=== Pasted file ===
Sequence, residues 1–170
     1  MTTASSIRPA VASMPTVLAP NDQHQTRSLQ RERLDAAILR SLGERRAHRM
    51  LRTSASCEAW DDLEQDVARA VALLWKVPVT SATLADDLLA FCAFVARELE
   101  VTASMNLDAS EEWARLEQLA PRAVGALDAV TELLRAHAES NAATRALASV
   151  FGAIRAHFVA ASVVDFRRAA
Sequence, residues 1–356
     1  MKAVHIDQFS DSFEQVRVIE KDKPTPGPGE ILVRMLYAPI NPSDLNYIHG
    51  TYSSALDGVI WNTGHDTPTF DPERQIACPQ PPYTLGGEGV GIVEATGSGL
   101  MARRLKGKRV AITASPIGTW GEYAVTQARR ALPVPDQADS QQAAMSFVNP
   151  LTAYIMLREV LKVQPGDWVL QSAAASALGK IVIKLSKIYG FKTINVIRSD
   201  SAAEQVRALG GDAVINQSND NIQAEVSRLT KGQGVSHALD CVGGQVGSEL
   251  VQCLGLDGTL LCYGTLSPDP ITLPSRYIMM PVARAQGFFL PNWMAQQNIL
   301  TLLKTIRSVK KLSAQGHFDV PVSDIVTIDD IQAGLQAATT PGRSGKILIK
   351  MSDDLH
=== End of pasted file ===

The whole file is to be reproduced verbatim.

Sequence, residues 1–170
     1  MTTASSIRPA VASMPTVLAP NDQHQTRSLQ RERLDAAILR SLGERRAHRM
    51  LRTSASCEAW DDLEQDVARA VALLWKVPVT SATLADDLLA FCAFVARELE
   101  VTASMNLDAS EEWARLEQLA PRAVGALDAV TELLRAHAES NAATRALASV
   151  FGAIRAHFVA ASVVDFRRAA
Sequence, residues 1–356
     1  MKAVHIDQFS DSFEQVRVIE KDKPTPGPGE ILVRMLYAPI NPSDLNYIHG
    51  TYSSALDGVI WNTGHDTPTF DPERQIACPQ PPYTLGGEGV GIVEATGSGL
   101  MARRLKGKRV AITASPIGTW GEYAVTQARR ALPVPDQADS QQAAMSFVNP
   151  LTAYIMLREV LKVQPGDWVL QSAAASALGK IVIKLSKIYG FKTINVIRSD
   201  SAAEQVRALG GDAVINQSND NIQAEVSRLT KGQGVSHALD CVGGQVGSEL
   251  VQCLGLDGTL LCYGTLSPDP ITLPSRYIMM PVARAQGFFL PNWMAQQNIL
   301  TLLKTIRSVK KLSAQGHFDV PVSDIVTIDD IQAGLQAATT PGRSGKILIK
   351  MSDDLH